Nag Panchami is celebrated on the fifth day in the month of the moonlit fortnight of Shrawan or Nepal according to the Hindu Calendar. Either in the late July or early August each year. On this day, the worshippers visit temples and pay their respect to real snakes offering them milk, sweets, and flowers to the snakes.
Although the exact origin of this festival is uncertain, the believers celebrate it for several reasons. According to the hindu mythology, Sheshnaga or Snake with Six hoods is the vehicle of the Lord Vishnu. And when Sheshnaga shakes his head we have earthquakes.
On this day, the believers also stick the poster of a snake on their main house door with cowdung in Nepal. It may have been beleved this custom came from “Naga ” Clan of 3000 BC. Later, Indo-Aryans began to follow the tradition and even found they mentioned in the Hindu Puranas. Although Yajur-Veda provides a more defined account of serpent worship, many scholars have detected traces of this festival in the 8th Ashtaka of the Rig Veda.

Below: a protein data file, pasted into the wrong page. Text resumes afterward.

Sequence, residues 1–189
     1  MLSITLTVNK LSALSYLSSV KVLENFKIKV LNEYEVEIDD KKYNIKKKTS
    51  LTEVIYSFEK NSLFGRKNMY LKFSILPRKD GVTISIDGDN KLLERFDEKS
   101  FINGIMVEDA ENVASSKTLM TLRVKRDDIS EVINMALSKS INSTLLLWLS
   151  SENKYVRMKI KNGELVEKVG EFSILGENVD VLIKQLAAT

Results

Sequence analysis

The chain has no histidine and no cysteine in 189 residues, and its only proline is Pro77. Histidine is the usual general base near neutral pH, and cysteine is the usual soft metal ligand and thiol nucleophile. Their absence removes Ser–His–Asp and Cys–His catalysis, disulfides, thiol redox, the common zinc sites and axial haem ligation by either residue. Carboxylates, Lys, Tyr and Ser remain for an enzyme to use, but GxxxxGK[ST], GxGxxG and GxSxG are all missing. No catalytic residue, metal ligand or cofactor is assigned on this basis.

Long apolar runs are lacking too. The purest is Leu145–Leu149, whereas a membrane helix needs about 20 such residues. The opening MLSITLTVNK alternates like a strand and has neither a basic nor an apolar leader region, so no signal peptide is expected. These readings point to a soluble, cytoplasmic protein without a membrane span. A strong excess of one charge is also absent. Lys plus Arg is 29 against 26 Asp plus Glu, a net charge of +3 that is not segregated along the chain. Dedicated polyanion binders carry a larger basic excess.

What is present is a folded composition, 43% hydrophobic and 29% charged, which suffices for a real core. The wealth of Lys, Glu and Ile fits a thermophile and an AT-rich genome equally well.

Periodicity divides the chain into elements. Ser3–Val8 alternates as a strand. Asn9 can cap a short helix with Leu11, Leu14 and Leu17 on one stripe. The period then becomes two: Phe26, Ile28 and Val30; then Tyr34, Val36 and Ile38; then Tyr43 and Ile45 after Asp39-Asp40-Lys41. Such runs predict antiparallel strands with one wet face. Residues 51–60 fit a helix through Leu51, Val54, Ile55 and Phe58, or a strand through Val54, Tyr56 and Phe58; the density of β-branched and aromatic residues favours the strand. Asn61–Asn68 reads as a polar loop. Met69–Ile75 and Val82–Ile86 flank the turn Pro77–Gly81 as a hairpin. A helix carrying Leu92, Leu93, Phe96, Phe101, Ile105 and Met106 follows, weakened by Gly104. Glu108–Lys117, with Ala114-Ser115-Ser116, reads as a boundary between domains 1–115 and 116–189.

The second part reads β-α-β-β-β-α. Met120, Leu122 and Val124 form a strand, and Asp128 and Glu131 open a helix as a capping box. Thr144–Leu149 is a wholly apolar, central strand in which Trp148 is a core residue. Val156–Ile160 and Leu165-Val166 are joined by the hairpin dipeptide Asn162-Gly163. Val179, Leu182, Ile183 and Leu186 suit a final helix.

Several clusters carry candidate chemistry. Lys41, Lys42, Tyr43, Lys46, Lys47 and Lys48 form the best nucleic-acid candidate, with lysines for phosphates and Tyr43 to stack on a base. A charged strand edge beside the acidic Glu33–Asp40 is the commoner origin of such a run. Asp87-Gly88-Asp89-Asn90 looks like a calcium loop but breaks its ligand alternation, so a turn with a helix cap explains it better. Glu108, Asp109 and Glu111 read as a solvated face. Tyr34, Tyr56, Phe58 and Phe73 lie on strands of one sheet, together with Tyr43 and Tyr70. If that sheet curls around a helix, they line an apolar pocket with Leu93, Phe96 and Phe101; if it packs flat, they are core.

In the medieval times, snakes were carved or painted on the walls of many Hindu temples. The mendtions or Nagas is also found in the Mahabharata and also in the sacred Hindu text BhagavatGita. The Hindu Puranas also mention the Nagas.
It is the time when snakes leave their holes in the flooded fields and jungles and enter the habitations of men thereby throwing them into great consternation. In countries like Nepal where agriculture is one of the major sources of income for so many men die due to the snakebite. The people of the country-side labor under the impression that the only way of obtaining immunity from snakebite is by propitaing the snake-goddess Manasa. In a country like Nepal, when the crops attain their full growth and the harvest is ready to be reaped, laborers work in the field all by themselves exposing themselves to the bites of poisonous snakes lurking unseen among the dense crop.
This fear seems to be the main cause of the celebration of Nagapanchami. Propitiating the snake god provides some psychological succour to the poor ruler fold whose main occupation remains agriculture.
To learn more about the festivities, culture of Nepal visit our websites. We offer customized packages for your travels to Nepal. Contact Us and for the packato find out more about the offers and deals for your next trip.
If you want to learn more about other festivities here are some popular ones:
- Deepwali: Festival of Lights
- Gai Jatra: The Procession of the Cow
- Significance of Janai Purnima or Rakshya Bandhan
Photo source: The Himalayantimes